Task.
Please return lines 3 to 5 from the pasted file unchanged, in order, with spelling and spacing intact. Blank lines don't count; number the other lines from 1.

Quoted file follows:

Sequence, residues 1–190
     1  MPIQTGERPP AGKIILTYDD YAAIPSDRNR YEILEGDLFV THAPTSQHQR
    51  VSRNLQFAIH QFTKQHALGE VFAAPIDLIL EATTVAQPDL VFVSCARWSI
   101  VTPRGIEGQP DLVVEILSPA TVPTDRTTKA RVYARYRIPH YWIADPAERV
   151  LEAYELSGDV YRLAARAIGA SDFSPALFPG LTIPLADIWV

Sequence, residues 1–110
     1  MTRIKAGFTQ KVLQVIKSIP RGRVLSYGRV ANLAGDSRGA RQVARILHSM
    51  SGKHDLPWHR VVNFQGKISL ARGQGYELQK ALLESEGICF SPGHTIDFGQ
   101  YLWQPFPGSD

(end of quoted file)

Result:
    51  VSRNLQFAIH QFTKQHALGE VFAAPIDLIL EATTVAQPDL VFVSCARWSI
   101  VTPRGIEGQP DLVVEILSPA TVPTDRTTKA RVYARYRIPH YWIADPAERV
   151  LEAYELSGDV YRLAARAIGA SDFSPALFPG LTIPLADIWV